I gave it about a half a second squirt with my elderly halon fire extinguisher, the fire went out but the top half of the room was immediately filled with white fumes. Guessing that these fumes were not very pleasant we crawled out on our hands and knees and didn't go back for quite a while.
While I haven't breathed in Halon, I have inhaled some of the dry chemical from an 80's vintage ABC extinguisher. I learned a few good lessons that day:
1. Don't repeatedly toggle a circuit breaker for no good reason
2. When putting out the switch that caught fire from #1 that's in a closet, consider not using a vintage 80's ABC 7 pound dry chemical extinguisher and use other means, like a large towel and smothering the flames instead.
3. Also when putting out the switch that caught fire from #1 that's in a closet using a vintage 80's ABC 7 pound dry chemical extinguisher, stand back a bit.
4. When pulling the activation (safety) pin on an 80's vintage ABC dry chemical extinguisher, hang onto the pin- You'll want it later.
5. When triggering the fire extinguisher, do not open the valve all the way initially.
6. Hold one's breath when triggering the extinguisher to not breath in the inevitable back-blast from slamming the trigger valve to full open and filling the closest full of dry chemical at full velocity. And look away a bit.
I'm pretty sure that's why I still have a bit of a cough, even 20 odd years later. And we never did find that damned pin.
Aah, memories of following my refrigeration engineer father around as a nipper and the heady aroma of Freon12 that's escaped through a small gap at the end of a red hot, glowing copper pipe - nothing clears the sinuses quite the same, unless it's the hydrogen sulphide gas that was used as a refrigerant in 1950's era domestic fridges.
Wasn't the monday column advertised as people 'fessing up to their own blunders? Or at the very least, the protagonist should have unwittingly demonstrated a fault, as in "my fat arse triggered stupidly-placed big red switch".
Your Luke doesn't appear to qualify. He was there when something happened is an anecdote, not a confession!
I do hope that you're not suggesting that some of these stories are fabrications? Of the type where my friend's friend did such-and-such. I'm sure that no-one would consider embellishing or, perish the thought, actually making up these stories. I also know that everything I read in 'Dear Deidre' is totally not fake news.
Whatever, the additional stories in the comments section, whether fact or fiction, usually outperform the article, so long may this nonsense continue.
I don't see where fabrication comes into it. True, embellished, or false, the story stands on its own to entertain us and provoke "that reminds me" anecdotes from the readers. And I agree, of course many of the best anecdotes appear in the comments.
That is, however, orthogonal to my point about this "Luke" failing to qualify under Monday's already-loose criteria, by virtue of the story containing no suggestion that he was to blame.
OK, OK, I'll join you in that pint. Raised to the several comments I've upvoted on this page.
Who left a ladder precariously propped by the door (plus emergency buttons)?
No suggestion in the story as to who that was. Hence, no blame to protagonist. At least, no direct blame.
But re-reading, it says he was in charge of disaster recovery. So I guess he really should have had an eye on disaster prevention, and in turn considered Elfin Safety matters before the event. So on reflection I guess he does deserve blame for setting the scene: the original UPS with no-one responsible, and the culture that left a ladder sitting around.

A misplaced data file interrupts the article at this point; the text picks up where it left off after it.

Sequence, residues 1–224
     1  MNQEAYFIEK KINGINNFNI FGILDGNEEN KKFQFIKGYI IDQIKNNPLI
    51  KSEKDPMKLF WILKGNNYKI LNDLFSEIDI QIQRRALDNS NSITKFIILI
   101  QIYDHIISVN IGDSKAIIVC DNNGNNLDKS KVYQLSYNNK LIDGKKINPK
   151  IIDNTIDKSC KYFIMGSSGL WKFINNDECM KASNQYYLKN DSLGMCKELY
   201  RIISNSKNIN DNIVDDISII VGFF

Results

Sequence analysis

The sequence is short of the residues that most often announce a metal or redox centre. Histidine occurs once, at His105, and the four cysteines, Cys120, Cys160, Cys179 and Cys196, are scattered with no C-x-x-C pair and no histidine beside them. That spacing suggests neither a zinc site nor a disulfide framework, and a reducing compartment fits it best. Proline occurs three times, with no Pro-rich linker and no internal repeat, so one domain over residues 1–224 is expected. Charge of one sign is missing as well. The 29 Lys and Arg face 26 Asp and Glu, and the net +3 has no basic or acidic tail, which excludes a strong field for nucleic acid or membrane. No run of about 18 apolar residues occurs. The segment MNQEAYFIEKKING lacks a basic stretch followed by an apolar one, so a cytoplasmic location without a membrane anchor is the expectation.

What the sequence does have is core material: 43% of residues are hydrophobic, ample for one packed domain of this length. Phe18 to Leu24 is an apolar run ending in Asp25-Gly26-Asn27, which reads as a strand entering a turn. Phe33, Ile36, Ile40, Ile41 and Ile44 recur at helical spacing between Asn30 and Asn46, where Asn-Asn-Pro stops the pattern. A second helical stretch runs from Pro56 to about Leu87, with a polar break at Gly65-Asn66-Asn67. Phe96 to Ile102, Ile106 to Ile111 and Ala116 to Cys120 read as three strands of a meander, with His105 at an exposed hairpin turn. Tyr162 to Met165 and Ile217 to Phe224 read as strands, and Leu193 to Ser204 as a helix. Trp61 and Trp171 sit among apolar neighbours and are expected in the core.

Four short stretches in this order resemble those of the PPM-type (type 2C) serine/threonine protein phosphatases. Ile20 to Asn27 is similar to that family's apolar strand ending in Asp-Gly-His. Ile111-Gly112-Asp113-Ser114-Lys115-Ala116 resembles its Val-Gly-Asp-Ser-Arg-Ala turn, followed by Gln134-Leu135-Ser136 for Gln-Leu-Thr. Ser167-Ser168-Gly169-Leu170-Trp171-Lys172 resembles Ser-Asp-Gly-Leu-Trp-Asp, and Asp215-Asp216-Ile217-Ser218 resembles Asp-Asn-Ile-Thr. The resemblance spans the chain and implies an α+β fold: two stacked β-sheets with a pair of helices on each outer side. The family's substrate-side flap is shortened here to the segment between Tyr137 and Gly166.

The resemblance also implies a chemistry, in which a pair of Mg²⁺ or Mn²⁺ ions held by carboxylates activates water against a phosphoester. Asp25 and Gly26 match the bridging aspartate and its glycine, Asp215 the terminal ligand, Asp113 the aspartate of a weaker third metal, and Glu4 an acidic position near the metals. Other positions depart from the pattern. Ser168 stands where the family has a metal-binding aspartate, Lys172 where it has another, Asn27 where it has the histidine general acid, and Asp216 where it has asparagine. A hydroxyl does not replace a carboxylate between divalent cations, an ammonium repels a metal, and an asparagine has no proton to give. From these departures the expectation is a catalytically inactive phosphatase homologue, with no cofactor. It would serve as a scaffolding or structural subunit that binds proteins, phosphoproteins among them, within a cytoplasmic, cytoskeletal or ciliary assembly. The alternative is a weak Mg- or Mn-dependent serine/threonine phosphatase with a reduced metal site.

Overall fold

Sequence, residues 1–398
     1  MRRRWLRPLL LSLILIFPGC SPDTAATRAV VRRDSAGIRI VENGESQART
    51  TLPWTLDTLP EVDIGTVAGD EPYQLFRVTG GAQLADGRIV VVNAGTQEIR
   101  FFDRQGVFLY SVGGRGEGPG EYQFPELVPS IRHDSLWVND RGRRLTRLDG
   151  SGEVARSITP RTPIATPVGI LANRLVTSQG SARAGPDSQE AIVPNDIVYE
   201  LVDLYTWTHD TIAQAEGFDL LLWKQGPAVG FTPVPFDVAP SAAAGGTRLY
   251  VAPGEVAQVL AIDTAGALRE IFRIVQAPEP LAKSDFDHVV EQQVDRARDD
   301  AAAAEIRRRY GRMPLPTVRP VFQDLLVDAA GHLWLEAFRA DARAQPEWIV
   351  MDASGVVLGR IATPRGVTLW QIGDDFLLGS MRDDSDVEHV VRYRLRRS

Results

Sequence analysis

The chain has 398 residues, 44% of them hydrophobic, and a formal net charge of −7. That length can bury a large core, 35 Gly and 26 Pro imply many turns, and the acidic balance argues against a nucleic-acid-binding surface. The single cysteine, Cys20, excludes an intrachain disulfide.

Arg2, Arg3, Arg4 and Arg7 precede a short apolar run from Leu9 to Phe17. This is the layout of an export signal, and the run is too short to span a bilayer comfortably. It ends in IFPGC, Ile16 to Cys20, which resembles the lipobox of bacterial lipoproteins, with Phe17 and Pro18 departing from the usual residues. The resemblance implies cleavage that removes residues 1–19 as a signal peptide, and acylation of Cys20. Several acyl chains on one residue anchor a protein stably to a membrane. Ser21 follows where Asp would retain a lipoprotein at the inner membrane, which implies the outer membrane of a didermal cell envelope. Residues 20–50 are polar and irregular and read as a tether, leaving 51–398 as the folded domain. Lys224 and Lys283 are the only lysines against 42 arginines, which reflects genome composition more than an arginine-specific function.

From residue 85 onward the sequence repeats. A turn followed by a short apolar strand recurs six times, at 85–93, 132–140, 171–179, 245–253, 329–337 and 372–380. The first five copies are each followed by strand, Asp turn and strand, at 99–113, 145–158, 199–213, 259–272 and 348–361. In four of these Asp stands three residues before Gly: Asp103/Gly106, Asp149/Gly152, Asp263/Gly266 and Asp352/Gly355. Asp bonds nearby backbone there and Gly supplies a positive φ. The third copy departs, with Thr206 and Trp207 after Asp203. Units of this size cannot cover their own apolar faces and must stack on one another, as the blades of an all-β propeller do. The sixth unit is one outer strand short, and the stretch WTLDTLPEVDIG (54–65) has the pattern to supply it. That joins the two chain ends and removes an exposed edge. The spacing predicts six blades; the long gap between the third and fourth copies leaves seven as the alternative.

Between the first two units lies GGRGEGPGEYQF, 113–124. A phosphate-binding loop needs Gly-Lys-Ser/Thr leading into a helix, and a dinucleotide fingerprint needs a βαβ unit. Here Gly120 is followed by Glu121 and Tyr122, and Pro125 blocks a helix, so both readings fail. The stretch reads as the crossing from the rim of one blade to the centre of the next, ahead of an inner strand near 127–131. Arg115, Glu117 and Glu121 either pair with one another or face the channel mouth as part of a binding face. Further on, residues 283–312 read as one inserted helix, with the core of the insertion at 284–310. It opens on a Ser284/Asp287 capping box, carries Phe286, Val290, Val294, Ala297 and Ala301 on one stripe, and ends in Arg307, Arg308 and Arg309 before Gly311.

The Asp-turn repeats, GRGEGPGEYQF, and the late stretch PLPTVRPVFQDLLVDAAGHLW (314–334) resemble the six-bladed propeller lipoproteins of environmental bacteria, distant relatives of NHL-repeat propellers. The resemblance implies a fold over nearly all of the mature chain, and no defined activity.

I was doing a Windows migration in hemel hempstead at the time Buncefield oil depot went up.
The server room shifted half an inch and all those loverly 2 inch thick roof tiles ended up on my head and a number of the stand alone servers.
That nice "snow" stuff went off, and once I found the door, I realised that the frame no longer fit it.
It was kind of fun kicking the door out :)
Luckily for me and the migration all that was running were some final data syncs, so although the RSA server had a 4 inch dent in the case with a tile sticking out, no external access was needed and I got a few weeks off work fully paid while they waited to get access to the building again :)
This does remind me of an office I worked in, building was a kind of factory hall. We started noticing a 'sharp' smell that no-one could quite place. Occasionally a very strong whiff of it would hang around certain spots of the building. It became quite concerning. Management ignored the issue until we researched/guessed that it was a biogas and that was nasty stuff to breathe and highly flammable too.
The cause? They'd raised the roof some years back by making the building walls taller. Trouble is, the sewage breather stack was left inside the building. Not a problem until a combination of cold weather and a change in the loo cleaner to a strong disinfectant had caused anaerobic digestion to begin in the cess pit.
I was living in Watford at the time...
Felt the windows move as the Munro effect manifested itself.
That said, I have a friend who had just moved to Adeyfield (sp?) and all they heard was
a whoosh, then all the leaves were cleared from the street. No damage at all!
Very scary morning for all, Kudos to the FRS who had no idea how bad it was when they went in.
Living 20 miles away I heard a really loud sharp metallic ringing noise, that sounded exactly like hitting the degauss button on one of those chunky old 19" monitors. As they'd been replaced with LCDs, it was only the telly downstairs was still old-school. So I zoomed down to the sitting room, wondering if it had exploded or something.
An impressively loud noise.
In Waltloo, Pretoria we also have a fuel depot (though at a smaller scale). We lived near it at one stage.
It is things like Buncefield etc which make me wonder how long will it take before the one at Waltloo also decide to do the biggenbang thing (which I hope will never happen).